Edited by Acro
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That's so cool, Acro. Are they easy to care for? :)

They are fairly easy, but these guys are even easier . . .

This is Eleodes subnitens, they are a species of Darkling beetle. They come from Arizona (USA) and are related to the common "feeder" meal worms. The larvae stage takes about 3 months and the adult beetles live for one to two years. I have raised these beetles full circle, from beetle to beetle.

A male and a female. The smaller is male, the larger is female.d1.jpg

On my hand (male left, female right).

d2.jpg

Grubs of different ages.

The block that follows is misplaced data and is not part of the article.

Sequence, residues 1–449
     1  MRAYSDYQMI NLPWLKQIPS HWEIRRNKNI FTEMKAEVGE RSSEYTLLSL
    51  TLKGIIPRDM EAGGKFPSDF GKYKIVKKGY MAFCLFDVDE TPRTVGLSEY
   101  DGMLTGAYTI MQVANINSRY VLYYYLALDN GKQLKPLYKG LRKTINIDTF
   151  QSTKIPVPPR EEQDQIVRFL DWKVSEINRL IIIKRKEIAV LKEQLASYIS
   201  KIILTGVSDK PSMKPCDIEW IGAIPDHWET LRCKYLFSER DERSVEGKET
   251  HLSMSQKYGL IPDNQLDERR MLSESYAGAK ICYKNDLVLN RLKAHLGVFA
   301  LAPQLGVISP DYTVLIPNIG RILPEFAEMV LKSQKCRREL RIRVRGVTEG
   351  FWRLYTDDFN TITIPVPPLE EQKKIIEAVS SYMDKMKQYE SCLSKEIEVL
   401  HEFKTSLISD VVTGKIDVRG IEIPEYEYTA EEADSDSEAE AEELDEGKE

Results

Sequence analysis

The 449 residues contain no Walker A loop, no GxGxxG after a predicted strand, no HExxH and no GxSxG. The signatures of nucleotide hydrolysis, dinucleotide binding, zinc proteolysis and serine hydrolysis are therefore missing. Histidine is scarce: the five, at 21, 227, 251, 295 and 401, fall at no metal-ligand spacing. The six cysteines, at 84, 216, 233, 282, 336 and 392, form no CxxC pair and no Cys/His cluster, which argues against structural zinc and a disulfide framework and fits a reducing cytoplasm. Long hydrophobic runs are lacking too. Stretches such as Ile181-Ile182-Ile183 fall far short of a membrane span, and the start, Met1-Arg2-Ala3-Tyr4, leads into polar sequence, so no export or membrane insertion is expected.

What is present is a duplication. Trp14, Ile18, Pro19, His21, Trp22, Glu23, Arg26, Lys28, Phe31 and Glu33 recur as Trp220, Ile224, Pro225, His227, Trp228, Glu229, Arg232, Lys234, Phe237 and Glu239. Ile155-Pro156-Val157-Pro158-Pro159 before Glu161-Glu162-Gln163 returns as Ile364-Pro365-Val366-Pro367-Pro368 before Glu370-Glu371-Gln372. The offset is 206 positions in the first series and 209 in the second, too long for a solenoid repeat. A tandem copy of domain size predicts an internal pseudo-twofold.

d3.jpg

This grub has made a pupation chamber right against the glass. It's getting ready to become a pupa, then a beetle!

d4.jpg

Edited by Acro
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  • 5 weeks later...
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As requested, here are photos of the 3rd beetle species I am raising. This is Mallodon dasystomus, the Hardwood Stump Borer.

On my hand:

mallodon_dasystomus_hardwood_stump_borer

mallodon_dasystomus_hardwood_stump_borer

mallodon_dasystomus_hardwood_stump_borer

I started out with 3 males and 2 females and I am down to the last pair. The female is old so I decided not to bother her with photos. This one is a male and you can tell because of his large jaws and squared off mid section.

The beetles mated while under my care and produced 4 batches of eggs.

Notice the 5 orbs (eggs) on the right of the buried wood piece:

mallodon_dasystomus_eggs.jpg

It takes about a month for the eggs to hatch and 2 of the 4 batches of eggs have hatched. I'd say I have around 60+ larvae.